ATLANTA — Following Gov. Brian Kemp’s signature last week on Georgia’s new redistricting maps, civil rights groups and attorneys filed a lawsuit claiming the maps violate Section 2 of the Voting Rights Act.  

The act prohibits both voting practices that result in citizens being denied equal access to the political process on account of race, color or membership in a language minority group, and voting practices adopted or maintained for the purpose of discriminating on those bases.

On Dec. 30, the American Civil Liberties Union, ACLU of Georgia and WilmerHale filed a federal lawsuit on behalf of Alpha Phi Alpha Fraternity, the Sixth District of the African Methodist Episcopal Church and individual Georgia voter. The suit indicates that state Senate and state House maps dilute the voting strength of Black Georgians because “they fail to include more than a half-dozen additional districts where Black voters could form a majority and have the opportunity to elect candidates of their choice.”

Legislators could have drawn at least half a dozen Black-majority Senate or House districts in southern and eastern parts of the Atlanta metro region, the Augusta area and the Southwest Georgia area — areas that saw a large increase in minority populations since the last redistricting cycle in 2011, ACLU representatives said. In part, the lawsuit specifically references Senate Districts 16, 17 and 23, stating that lawmakers untracked Black populations and combined them into predominately white areas.  

“These newly drawn maps are a brazen attempt by Georgia politicians to undermine the political power of Black voters,” said Sophia Lin Lakin, deputy director of the ACLU’s Voting Rights Project. “State legislatures are responsible for laws and policies that profoundly impact our daily lives. There’s no legitimate justification for drawing maps that deny Black voters an opportunity to elect representatives who will fight for them in these critical state house deliberations. Politicians don’t get to choose their voters — voters get to choose their politicians.”

Georgia’s new House, Senate and congressional districts were approved along party lines in a November special session, with the Republican-controlled chambers giving their approval.

Opponents argue the maps give Republicans an advantage, though the state’s population grew 10% — by 1 million people — since 2010 and all of it in minority populations, which typically vote Democrat. 

The lawsuit, filed against Secretary of State Brad Raffenesperger who oversees elections, requests that no elections be held under the newly approved district maps, and that a deadline be set for state officials to adopt new redistricting maps that doesn't dilute Black votes.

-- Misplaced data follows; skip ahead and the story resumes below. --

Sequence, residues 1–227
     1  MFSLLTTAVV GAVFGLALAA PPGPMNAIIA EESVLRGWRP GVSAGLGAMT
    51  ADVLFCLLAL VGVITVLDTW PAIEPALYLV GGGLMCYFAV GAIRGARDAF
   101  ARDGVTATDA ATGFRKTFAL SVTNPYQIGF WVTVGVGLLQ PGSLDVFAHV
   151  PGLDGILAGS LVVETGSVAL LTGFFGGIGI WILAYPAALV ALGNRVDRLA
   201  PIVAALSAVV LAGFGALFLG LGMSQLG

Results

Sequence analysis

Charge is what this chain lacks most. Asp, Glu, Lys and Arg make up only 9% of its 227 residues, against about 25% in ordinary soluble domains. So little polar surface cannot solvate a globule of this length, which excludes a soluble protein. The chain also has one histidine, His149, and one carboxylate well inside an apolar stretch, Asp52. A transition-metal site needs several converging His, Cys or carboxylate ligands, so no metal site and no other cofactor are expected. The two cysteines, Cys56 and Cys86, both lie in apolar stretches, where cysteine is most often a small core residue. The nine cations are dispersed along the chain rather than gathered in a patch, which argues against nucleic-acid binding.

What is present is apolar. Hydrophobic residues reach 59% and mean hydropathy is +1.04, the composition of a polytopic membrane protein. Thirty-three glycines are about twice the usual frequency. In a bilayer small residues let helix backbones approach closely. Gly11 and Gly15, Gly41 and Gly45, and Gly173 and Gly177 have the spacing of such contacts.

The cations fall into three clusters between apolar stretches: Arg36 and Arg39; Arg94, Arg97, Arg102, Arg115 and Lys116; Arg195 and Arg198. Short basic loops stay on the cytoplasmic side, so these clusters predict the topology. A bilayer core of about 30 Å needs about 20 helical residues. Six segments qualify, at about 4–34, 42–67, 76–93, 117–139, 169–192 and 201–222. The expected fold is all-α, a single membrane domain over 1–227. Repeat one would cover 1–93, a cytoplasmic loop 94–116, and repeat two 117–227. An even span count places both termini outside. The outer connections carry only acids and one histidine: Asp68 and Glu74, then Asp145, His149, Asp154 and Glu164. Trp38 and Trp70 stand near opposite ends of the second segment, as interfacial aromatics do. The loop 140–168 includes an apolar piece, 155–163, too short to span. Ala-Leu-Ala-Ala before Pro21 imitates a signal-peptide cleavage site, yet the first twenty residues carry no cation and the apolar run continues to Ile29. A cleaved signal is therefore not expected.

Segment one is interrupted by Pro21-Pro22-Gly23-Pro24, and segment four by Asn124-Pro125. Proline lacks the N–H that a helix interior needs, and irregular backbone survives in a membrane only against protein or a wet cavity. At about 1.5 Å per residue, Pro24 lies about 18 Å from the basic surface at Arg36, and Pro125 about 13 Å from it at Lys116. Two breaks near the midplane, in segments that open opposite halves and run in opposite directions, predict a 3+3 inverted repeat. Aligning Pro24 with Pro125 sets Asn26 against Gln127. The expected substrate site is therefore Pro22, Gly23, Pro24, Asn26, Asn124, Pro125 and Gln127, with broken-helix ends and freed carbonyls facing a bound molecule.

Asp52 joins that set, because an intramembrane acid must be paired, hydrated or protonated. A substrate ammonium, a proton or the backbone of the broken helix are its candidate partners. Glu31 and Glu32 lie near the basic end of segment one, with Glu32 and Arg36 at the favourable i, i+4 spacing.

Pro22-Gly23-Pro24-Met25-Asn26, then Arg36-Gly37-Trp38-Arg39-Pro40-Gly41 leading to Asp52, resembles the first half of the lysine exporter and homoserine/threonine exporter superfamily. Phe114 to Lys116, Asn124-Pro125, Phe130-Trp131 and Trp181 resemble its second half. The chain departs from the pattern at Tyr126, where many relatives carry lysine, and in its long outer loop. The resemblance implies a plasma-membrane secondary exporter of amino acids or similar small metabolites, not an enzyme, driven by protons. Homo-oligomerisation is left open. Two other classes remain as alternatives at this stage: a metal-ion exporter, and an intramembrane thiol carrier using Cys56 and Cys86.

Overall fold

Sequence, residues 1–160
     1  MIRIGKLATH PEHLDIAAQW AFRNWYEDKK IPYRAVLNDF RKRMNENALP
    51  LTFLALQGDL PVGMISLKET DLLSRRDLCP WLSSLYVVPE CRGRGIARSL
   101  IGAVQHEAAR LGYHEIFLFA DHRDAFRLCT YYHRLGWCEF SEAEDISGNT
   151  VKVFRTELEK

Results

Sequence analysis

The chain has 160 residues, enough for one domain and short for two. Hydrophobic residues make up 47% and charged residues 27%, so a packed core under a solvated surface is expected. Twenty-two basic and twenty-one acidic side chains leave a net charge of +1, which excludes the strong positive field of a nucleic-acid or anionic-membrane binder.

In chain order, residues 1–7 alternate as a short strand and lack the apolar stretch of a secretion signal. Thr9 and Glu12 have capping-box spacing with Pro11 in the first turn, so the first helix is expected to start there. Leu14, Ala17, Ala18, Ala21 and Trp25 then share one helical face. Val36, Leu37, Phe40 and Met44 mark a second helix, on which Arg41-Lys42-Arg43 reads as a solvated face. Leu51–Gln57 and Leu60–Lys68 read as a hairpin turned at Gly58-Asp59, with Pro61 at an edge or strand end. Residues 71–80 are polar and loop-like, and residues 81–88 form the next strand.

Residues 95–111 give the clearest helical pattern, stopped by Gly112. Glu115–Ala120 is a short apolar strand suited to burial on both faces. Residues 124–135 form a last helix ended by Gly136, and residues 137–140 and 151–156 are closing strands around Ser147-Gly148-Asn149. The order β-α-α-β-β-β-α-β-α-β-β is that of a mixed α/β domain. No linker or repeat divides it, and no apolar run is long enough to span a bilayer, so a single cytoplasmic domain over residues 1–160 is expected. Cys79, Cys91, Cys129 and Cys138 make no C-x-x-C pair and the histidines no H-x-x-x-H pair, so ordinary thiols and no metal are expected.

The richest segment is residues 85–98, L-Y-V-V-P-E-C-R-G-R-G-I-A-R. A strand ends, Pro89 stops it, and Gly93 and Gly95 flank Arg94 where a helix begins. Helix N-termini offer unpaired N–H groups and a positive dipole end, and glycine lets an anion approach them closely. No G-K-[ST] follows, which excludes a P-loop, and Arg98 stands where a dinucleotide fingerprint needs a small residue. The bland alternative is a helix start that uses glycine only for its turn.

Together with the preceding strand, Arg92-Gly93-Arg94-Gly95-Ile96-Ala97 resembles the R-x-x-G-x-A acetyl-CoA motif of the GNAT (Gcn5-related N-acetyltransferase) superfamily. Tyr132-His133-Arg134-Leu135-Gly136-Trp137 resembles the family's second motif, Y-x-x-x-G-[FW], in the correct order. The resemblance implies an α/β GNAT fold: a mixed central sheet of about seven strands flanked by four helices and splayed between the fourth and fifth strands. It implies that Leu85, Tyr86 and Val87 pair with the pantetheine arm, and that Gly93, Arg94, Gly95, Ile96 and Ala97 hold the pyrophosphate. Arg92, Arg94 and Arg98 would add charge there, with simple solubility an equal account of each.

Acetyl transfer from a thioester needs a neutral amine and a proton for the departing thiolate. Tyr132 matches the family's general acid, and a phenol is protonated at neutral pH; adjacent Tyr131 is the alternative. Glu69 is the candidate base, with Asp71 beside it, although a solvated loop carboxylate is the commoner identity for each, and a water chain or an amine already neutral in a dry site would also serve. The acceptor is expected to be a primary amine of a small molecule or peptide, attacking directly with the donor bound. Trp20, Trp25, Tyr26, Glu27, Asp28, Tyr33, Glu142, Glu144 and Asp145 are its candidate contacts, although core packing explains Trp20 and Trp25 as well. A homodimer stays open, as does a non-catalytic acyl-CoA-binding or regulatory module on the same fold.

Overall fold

Raffensperger pushed back against recently filed lawsuits against Georgia’s new district maps.

“Georgia’s maps are fair and adhere to traditional principles of redistricting,” Raffensperger said. “These lawsuits are nothing but politically-motivated actions from politically-motivated groups seeking to further their partisan preferences...In 2020, Republicans made significant gains in the U.S. House of Representatives, held control of state legislatures across the country, and flipped New Hampshire’s legislature. The Virginia and New Jersey statewide elections in 2021 show just how vulnerable the liberals are. When they lose more seats in 2022, it will because the Biden Administration’s failed policies are harming Americans.”

Kemp signed the bills just months before the March filing deadline for the 2022 primary elections, shortening the time that courts will have to evaluate their legality.

Sen. John Kennedy, chair of the state Senate redistricting and reapportionment committee, said during a November meeting that the Senate map reduces the Republican districts by one and is a fair map. 

“We probably know we currently have 34 Republican senators. It's a 34/22 split,” Kennedy said. “This map proposes basically to take us to 33 Republican Senate districts, and that's a recognition of the trends and changes that we're all seeing in politics but also making sure that we're in compliance and acting in good faith with the numbers that we've seen.”

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